Thanks to the recent ruling by the EU Court of Justice on Safe Harbour, there may now be a large demand, need and opportunity for the aims of our Free and Safe in Cyberspace creation of new international socio-technical standards and certification bodies for IT systems and lawful access schemes that deliver ultra-high and constitutionally– meaningful levels of trustworthiness/assurance, while increasing cyber-investigation capabilities, preventing significant malevolent use and overall increasing public safety. Such new standards and systems would be in full compliance with such ruling.
   The establishment and gradual uptake of such certification bodies by an initial set of critical IT private or public IT communications domains, could at least make available to citizens a solutions, in compliance to the Safe Harbour problem that are sector-specificas suggested by Max Schrems, the Austrian citizen that filed the lawsuit that generated the ruling.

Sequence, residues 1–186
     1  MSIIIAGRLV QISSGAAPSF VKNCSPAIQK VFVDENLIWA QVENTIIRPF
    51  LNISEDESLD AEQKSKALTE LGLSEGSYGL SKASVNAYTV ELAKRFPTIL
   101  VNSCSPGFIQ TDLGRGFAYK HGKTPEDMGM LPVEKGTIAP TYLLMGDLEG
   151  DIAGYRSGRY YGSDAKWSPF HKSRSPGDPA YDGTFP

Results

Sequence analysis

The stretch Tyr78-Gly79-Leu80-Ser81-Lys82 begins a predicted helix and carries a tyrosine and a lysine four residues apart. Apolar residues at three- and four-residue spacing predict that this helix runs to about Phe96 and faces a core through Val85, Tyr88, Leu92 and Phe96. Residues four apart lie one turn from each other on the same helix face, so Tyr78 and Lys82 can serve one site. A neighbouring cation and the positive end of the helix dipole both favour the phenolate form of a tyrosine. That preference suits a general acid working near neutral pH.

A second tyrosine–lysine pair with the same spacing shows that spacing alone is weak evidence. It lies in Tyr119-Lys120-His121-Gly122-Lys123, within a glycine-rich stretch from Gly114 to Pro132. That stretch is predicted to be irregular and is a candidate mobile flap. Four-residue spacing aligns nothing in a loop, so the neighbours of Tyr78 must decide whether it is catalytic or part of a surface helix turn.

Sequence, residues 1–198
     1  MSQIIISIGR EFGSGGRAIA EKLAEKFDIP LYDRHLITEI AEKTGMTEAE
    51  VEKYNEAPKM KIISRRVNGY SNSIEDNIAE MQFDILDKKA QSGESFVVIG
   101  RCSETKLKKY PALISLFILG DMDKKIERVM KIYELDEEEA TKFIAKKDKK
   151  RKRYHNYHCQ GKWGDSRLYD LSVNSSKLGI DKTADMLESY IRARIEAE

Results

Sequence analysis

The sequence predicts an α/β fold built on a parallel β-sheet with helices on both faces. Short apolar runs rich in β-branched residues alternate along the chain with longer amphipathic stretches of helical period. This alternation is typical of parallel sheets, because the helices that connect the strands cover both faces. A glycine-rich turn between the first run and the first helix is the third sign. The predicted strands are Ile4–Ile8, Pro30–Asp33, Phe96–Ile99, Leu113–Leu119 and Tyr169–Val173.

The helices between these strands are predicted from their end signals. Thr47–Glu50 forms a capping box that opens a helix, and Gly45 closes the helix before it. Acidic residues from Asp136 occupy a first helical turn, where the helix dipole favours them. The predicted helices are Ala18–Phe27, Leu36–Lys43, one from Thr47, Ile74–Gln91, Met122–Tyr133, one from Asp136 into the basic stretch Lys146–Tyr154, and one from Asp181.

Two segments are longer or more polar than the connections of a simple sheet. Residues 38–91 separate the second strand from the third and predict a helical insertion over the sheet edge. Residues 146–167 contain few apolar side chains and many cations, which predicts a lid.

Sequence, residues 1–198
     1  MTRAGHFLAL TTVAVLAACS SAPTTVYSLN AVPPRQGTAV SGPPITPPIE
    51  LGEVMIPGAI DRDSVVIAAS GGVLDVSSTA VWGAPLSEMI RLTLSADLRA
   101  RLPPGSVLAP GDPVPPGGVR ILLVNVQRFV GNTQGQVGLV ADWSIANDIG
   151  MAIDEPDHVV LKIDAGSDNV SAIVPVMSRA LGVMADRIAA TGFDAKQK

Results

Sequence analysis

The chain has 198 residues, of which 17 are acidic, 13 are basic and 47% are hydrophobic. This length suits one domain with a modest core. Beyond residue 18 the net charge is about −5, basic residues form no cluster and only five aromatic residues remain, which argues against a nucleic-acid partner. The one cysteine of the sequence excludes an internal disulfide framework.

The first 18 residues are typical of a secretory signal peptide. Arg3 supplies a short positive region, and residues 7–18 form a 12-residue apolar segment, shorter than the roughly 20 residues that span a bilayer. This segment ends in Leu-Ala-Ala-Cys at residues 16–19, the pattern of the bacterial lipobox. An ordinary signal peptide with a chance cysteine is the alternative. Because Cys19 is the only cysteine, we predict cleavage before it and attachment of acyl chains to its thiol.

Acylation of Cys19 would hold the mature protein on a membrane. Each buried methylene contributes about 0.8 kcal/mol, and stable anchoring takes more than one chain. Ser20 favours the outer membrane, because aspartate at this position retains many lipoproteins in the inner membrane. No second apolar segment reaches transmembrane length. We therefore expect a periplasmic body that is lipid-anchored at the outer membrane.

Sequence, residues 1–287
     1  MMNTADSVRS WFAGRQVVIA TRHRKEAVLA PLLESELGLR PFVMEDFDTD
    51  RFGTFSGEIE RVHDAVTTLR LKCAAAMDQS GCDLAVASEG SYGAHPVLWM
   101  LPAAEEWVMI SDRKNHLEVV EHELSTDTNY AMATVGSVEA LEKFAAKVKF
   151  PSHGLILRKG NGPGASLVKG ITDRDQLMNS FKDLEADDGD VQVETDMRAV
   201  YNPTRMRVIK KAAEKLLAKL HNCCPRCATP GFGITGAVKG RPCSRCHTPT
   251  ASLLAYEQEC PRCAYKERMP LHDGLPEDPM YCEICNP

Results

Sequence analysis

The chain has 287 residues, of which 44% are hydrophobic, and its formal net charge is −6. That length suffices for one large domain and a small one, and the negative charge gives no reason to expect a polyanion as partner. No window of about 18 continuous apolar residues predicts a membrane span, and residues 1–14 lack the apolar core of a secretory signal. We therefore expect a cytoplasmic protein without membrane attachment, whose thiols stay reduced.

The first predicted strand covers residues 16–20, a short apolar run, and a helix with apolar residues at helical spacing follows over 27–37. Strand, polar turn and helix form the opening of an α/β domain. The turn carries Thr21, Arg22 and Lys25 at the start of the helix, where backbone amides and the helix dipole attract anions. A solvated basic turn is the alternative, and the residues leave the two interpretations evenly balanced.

Such certified service providers – within the legislative frameworks of most EU nations – would provide citizens, using sector-specific IT systems, a reasonable assurance that, not only legislations, but also that  socio-technical oversight mechanisms of its operation and lifecycle by public institutions and/or trustworthy third parties would be meaningfully respectful of the EU and US Constitutions and the EU Charter of Fundamental Rights.
   Nonetheless, an obvious additional benefit would come to citizens if such new standards/certifications may in the near future be uptaken as a mandatory standard, initially limited only to sector-specific  IT services offered by the state to state agencies, namely the most assurance-sensitive IT systems and services by EU, EU Members state, or even the US. It would be enacted in 12-18 months to give industry time to adapt services to match such standards.
Nations would therefore test on top state employees and officials such ambitious standards, and then  roll them out to citizens when and if they are proven to adequately protect both civil rights and cyber-investigation capabilities.
Such standards could inform a revision of the eIDAS regulation and implementation documents to recognize what is needed and possible to provide high-assurance level in compliance to the EU Charter of Fundamental Rights.